6Kazakhstan is interested in Croatia’s military industry, Croatian Defence Minister Ante Kotromanovic said on Wednesday in Astana where he arrived for a visit to Kazakhstan. Kotromanovic, held talks with his Kazakh counterpart Imangali Tasmagambetov on bilateral defence cooperation notably in the defence industry. The talks also revolved around security cooperation and cooperation within NATO, the Croatian Defence Ministry stated in a press release. Croatia and Kazakhstan are keen to advance the relations and intensify cooperation in all sectors, including the defence industry, training and education and economic cooperation, Kotromanovic was quoted as saying. He praised Kazakhstan for its impressive development and attraction of foreign investments. He and the Kazakh defence minister signed a memorandum of cooperation in the defence sector. [dalje.com]
7Stress Tests for Kazakhstan.How can Kazakhstan maintain friendly ties with Russia and yet continue to build its own national identity? The International Crisis Group thinks that Astana should take a more ‘recognizable’ role in trying to resolve the Ukraine crisis, pursue a balanced foreign policy and perform several other steps. [International Crisis Group]
8Indonesia interested in boosting energy co-op with Azerbaijan. “Azerbaijan is an important trading partner of Indonesia, especially in the energy sector,” Economic Minister of Indonesia Sofyan Djalil said during Azerbaijan’s National Republic Day celebration at the JW Marriott Hotel in Jakarta.“We will soon send our energy and mineral resources minister to Azerbaijan to explore more opportunities and boost cooperation,” said the minister.
9“Russia’s nuclear saber-rattling is unjustified, destabilizing and dangerous,” NATO chief Jens Stoltenberg said during public remarks at the Center for Strategic and International Studies. “We learned during the Cold War that when it comes to nuclear weapons, caution, predictability and transparency are vital.”Moscow’s signaling that it would place nuclear-capable missile systems in Kaliningrad, the Russian exclave bordering Poland, and the Crimean Peninsula, “would fundamentally change the balance of security in Europe”, Stoltenberg said. He also warned of increased “provocative” flights by Russian nuclear-capable bombers from “Japan to Gibraltar” and “Crete to California,” saying Russia has stepped up its air activity by roughly 50 percent. [TURKISH WEEKLY]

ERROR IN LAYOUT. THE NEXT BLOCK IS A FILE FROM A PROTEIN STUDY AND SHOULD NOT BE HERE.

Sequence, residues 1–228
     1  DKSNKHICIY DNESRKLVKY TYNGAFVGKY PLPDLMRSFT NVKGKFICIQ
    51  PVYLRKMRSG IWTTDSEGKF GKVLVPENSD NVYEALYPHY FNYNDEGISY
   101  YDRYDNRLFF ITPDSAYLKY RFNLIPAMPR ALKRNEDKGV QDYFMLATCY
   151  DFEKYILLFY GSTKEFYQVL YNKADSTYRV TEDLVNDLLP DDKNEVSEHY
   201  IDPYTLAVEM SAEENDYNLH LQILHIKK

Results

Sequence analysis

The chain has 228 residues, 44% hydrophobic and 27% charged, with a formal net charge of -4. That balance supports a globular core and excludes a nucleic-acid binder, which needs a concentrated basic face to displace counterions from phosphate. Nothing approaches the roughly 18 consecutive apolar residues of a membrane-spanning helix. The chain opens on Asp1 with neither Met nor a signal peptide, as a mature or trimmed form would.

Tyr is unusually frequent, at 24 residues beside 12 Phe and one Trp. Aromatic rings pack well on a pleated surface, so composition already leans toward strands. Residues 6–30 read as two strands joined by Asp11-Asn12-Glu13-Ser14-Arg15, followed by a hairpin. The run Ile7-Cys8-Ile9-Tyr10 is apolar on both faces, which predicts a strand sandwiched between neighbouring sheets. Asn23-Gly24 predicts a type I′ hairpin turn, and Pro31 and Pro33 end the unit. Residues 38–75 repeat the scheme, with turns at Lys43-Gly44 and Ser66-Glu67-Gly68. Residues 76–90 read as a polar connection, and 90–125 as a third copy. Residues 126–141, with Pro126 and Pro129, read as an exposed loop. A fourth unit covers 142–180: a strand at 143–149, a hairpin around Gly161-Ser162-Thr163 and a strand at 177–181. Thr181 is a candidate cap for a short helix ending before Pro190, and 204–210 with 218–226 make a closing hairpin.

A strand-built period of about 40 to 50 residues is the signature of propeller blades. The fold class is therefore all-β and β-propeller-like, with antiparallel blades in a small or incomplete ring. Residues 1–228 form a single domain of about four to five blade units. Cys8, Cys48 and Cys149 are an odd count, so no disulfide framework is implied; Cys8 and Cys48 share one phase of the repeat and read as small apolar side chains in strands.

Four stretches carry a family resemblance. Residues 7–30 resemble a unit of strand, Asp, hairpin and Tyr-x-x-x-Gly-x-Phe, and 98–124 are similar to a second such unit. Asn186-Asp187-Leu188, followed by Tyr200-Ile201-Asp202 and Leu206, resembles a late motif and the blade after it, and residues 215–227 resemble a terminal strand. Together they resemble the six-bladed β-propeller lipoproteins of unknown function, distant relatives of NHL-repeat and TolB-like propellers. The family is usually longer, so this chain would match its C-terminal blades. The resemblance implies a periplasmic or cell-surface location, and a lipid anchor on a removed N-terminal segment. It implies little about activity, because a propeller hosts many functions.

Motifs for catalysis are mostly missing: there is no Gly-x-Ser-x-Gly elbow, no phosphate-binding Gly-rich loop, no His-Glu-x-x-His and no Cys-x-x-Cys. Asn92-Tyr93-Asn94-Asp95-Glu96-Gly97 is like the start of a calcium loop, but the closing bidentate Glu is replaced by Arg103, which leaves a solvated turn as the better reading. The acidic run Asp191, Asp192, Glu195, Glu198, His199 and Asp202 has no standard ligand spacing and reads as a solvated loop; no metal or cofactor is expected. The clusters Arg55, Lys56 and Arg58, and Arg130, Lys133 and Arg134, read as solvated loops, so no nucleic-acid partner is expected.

10Foreign Ministers of Azerbaijan, Turkmenistan and Turkey Elmar Mammadyarov, Rashid Meredov and Mevlüt Çavuşoğlu held a trilateral meeting on the sidelines of the 42nd Foreign Ministerial Council of the Organization of Islamic Cooperation. At the meeting the importance of trilateral meeting of Azerbaijan, Turkmenistan and Turkey was stressed in terms of development of regional cooperation. [apa.az]
Special Course on “China’s Foreign Policy and Economy-2019” Launched in Armenia
The “China-Eurasia” Council for Political and Strategic Research in cooperation with the Armenian State University of Economics, started the “Rethinking China’s Foreign Policy and Economy-2019” Special Course.
The main aim of this special course is to introduce China’s Foreign Policy to those who are interested in China and its politics, providing them with solid knowledge and information about this great power, which increases its economic and political influence in the world through its Belt and Road Initiative.
The special program conducted by Armenian, Chinese and foreign scholars, who cooperate with the “China-Eurasia Council for Political and Strategic Research, Foundation and have solid professional background of doing research on issues related to China’s foreign policy and economy.
As a result of competition only 32 young specialists won the opportunity to be invited to participate as students in this significant course.
During the opening ceremony of Special Course, Vice-President of the National Assembly of the RA Lena Nazaryan spoke about the importance of deepening Sino-Armenian relations. She mentioned that the current government stresses the importance of further development of relations with China. Mrs. Nazaryan talked about the visit of the Prime Minister of Armenia Nikol Pashinyan to China. During her speech, she introduced also the results of the negotiations with the Vice Chairperson of the Standing Committee of the National People’s Congress of the of the People’s Republic of China (PRC) Shen Yueyue during her official visit to Armenia. The Vice-President talked about the necessity of further cooperation with the academicians particularly stressed the importance of the Initiative of special course “Rethinking China’s Foreign Policy”.